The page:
Judge says Catholic
Church can blame
victims’ mother in
sexual abuse lawsuit

Her lawyer decries the legal tactic
in a case involving her 2 sons

By Mary Adamski

A state judge will permit the Catholic Church to defend itself in a sexual molestation suit by claiming that the mother of the two victims contributed to the psychological damage the youths sustained.

Circuit Judge Gary W.B. Chang ruled yesterday that he will allow the counterclaim, which is "based on the theory that the parents were negligent." But, he said, "The court is not determining the legitimacy of the claim."

The motion was made in a lawsuit filed against Manuel Feliciano, who pleaded guilty and was sentenced to prison for six counts of sexual abuse against the older boy, now 18.

The suit also claims that Feliciano sexually molested the younger child, now 14. Feliciano was a sacristan supervising altar boys between 1993 and 1995 when the offenses occurred.

The mother allowed her children, then 7 and 10 years old, to sleep overnight at Feliciano's home, said the motion by attorney William Bordner. He is representing Honolulu Bishop Francis X. DiLorenzo, the Hawaii Catholic diocese and Sts. Peter & Paul Church, where Feliciano worked, all named as defendants in the suit.

The church's motion also claimed that the mother "engaged in explicit sexual behavior in the presence of her young children," was a substance abuser and voluntarily abandoned custody of her children after they moved to the mainland from Hawaii. The motion said the teenagers have both been involved in criminal conduct, and the older youth was incarcerated for offenses that included sexual assault of the younger.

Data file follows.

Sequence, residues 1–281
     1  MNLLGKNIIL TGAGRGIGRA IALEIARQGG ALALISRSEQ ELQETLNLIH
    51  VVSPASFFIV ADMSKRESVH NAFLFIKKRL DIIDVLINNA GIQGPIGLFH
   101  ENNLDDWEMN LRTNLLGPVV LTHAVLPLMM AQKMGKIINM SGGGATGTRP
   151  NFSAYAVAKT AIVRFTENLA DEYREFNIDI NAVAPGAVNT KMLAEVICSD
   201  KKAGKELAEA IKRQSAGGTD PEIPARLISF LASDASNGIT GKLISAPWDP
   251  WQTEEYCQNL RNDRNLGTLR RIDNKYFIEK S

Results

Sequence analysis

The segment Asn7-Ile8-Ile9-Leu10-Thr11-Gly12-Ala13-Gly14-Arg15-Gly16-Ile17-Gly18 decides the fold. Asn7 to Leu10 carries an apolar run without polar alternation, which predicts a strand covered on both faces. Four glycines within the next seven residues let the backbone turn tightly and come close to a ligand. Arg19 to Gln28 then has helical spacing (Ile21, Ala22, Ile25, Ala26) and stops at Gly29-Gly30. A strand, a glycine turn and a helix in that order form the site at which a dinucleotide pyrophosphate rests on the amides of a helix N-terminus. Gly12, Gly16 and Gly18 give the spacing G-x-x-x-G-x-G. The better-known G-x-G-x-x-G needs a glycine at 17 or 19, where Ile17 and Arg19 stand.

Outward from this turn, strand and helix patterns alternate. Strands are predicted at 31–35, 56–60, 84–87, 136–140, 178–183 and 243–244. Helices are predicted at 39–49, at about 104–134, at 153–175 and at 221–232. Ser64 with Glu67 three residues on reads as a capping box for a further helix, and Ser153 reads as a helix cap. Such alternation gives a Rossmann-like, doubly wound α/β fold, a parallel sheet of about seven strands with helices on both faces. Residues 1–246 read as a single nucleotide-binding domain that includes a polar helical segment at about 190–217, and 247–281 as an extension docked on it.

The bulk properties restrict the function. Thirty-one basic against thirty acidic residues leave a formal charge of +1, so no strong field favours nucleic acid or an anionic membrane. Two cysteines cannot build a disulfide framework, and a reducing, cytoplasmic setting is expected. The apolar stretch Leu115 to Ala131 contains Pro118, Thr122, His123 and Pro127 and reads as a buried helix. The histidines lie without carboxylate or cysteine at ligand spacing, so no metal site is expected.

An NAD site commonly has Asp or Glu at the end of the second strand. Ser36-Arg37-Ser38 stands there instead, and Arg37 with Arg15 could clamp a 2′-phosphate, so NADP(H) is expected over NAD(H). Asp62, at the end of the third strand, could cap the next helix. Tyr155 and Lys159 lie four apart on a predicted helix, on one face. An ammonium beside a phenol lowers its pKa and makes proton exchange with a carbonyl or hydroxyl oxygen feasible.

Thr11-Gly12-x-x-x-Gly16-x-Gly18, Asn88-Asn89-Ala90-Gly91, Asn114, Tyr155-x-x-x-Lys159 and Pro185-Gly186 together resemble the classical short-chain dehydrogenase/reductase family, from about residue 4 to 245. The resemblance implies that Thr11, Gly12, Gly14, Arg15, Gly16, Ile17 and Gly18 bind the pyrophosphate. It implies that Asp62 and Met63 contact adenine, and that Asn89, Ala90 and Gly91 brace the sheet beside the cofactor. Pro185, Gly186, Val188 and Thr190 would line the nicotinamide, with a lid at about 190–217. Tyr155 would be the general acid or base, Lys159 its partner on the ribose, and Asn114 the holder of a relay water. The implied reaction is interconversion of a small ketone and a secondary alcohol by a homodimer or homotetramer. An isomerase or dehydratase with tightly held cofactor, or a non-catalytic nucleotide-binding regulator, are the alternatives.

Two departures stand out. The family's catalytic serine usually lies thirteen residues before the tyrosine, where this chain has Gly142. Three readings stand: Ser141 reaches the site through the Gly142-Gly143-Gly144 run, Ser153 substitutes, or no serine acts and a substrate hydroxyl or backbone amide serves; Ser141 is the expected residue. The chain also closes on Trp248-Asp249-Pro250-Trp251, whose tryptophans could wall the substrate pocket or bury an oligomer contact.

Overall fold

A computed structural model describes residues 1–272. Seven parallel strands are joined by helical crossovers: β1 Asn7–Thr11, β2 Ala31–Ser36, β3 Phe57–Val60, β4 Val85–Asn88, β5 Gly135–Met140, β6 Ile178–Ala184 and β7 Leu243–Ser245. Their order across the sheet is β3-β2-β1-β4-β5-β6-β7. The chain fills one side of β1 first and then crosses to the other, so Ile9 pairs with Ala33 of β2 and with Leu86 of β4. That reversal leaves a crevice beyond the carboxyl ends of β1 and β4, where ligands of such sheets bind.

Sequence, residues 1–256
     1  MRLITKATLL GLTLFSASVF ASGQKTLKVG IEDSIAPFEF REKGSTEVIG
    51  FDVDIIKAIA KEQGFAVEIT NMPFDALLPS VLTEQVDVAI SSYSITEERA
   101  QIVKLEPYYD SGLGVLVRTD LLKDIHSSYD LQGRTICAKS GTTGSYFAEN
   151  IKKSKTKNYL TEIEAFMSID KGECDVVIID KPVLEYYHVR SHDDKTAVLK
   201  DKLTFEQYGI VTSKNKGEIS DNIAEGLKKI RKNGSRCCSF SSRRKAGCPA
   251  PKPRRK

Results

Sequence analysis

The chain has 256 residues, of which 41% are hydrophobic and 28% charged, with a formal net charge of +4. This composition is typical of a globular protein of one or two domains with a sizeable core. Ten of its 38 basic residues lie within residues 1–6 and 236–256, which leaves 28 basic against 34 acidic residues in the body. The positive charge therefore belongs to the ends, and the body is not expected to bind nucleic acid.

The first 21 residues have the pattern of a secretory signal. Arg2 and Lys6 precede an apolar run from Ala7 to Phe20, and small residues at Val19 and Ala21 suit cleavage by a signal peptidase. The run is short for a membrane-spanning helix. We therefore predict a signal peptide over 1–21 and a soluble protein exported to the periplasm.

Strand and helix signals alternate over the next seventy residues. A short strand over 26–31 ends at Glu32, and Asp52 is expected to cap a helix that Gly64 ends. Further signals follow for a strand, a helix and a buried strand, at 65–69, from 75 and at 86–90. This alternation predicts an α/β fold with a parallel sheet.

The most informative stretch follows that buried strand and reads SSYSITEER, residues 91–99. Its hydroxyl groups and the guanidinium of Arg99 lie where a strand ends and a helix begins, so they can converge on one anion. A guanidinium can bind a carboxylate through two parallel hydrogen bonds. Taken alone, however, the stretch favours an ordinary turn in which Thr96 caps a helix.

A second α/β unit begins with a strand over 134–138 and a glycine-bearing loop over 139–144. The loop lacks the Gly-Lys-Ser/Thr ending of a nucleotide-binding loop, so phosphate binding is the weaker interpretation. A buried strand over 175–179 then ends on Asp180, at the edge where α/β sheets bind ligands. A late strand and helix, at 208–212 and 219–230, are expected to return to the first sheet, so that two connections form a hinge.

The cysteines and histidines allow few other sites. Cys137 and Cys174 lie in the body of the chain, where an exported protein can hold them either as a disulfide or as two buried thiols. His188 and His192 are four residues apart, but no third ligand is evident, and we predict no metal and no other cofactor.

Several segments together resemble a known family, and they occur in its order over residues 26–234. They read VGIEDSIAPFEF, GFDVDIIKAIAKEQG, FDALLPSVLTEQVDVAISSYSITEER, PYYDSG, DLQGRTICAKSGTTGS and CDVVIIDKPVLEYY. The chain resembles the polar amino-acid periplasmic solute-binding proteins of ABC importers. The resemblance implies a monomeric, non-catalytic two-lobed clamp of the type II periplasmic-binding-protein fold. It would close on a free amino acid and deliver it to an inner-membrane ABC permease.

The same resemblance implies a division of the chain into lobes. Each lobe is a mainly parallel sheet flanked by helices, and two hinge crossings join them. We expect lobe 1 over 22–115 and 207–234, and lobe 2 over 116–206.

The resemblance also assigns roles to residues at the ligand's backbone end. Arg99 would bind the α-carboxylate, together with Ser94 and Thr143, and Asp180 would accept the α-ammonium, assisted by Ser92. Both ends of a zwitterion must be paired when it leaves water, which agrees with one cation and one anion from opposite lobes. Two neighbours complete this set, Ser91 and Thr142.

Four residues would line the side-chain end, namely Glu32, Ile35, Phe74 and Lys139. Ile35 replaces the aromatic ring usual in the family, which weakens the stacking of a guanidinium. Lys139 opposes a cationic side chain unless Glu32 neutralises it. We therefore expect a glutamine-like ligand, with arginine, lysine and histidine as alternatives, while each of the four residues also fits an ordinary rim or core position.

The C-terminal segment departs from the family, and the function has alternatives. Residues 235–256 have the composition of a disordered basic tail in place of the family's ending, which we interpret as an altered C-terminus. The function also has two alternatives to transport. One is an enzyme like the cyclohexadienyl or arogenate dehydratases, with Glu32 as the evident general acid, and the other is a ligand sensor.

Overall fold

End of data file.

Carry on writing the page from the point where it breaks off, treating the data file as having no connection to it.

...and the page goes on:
Bordner told Chang that the mother had been involved in a "breach of duty causing harm" and that Hawaii law permits two or more parties to be held responsible for the same injury.

Mark Davis, attorney for the woman identified only as "K.J." in court documents to protect the identity of the minor victims, said: "The family is offended that the church should want to sue them when they went to the church for religious and spiritual support. The church also wanted to sue the children."

The suit asked for unspecified damages, claiming that as a direct result of the sexual abuse, the boys "sustained severe and permanent injuries to their physical and psychological health."

They seek help with continuing expenses for "medical and psychiatric attention in an effort to be cured and healed of the said injuries."

Feliciano, 74, was sentenced in November 2000 to one year in prison and five years' probation. He has not responded to the suit, Davis said.

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